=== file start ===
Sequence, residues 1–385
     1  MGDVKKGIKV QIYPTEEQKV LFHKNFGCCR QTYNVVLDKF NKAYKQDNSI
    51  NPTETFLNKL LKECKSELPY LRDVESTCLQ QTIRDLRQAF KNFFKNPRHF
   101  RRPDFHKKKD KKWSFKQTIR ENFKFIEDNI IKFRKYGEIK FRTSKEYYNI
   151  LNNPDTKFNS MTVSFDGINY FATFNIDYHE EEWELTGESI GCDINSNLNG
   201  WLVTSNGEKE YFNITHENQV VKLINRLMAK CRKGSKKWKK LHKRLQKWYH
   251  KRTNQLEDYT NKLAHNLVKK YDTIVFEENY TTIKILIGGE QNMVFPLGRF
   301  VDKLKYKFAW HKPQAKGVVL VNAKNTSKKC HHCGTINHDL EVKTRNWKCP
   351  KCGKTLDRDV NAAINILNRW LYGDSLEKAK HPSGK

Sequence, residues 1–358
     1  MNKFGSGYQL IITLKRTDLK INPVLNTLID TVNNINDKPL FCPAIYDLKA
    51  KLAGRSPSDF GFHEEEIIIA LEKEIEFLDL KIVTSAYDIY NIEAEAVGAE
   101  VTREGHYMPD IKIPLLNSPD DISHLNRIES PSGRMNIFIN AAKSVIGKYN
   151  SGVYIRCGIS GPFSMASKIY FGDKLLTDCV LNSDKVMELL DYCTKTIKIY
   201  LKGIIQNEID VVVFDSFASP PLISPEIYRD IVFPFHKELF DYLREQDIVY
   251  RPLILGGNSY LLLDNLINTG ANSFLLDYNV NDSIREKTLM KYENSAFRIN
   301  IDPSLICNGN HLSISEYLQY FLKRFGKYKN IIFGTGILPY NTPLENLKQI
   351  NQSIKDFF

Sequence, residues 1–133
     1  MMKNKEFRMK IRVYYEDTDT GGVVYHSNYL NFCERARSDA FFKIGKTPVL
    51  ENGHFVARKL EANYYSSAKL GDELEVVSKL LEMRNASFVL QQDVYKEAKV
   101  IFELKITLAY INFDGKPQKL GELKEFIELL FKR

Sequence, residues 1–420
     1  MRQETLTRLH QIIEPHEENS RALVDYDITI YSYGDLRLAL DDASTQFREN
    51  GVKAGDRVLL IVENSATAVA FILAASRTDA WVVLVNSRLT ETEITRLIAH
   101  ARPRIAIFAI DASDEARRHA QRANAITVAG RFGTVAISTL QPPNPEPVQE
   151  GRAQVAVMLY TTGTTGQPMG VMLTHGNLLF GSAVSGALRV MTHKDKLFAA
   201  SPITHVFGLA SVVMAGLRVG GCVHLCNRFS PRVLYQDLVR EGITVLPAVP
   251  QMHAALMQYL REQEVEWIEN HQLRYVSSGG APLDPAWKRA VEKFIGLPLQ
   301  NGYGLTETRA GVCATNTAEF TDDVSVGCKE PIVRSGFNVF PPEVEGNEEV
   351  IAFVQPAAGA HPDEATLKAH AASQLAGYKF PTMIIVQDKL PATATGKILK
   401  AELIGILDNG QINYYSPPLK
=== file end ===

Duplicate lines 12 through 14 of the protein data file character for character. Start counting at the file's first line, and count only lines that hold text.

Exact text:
    51  KLAGRSPSDF GFHEEEIIIA LEKEIEFLDL KIVTSAYDIY NIEAEAVGAE
   101  VTREGHYMPD IKIPLLNSPD DISHLNRIES PSGRMNIFIN AAKSVIGKYN
   151  SGVYIRCGIS GPFSMASKIY FGDKLLTDCV LNSDKVMELL DYCTKTIKIY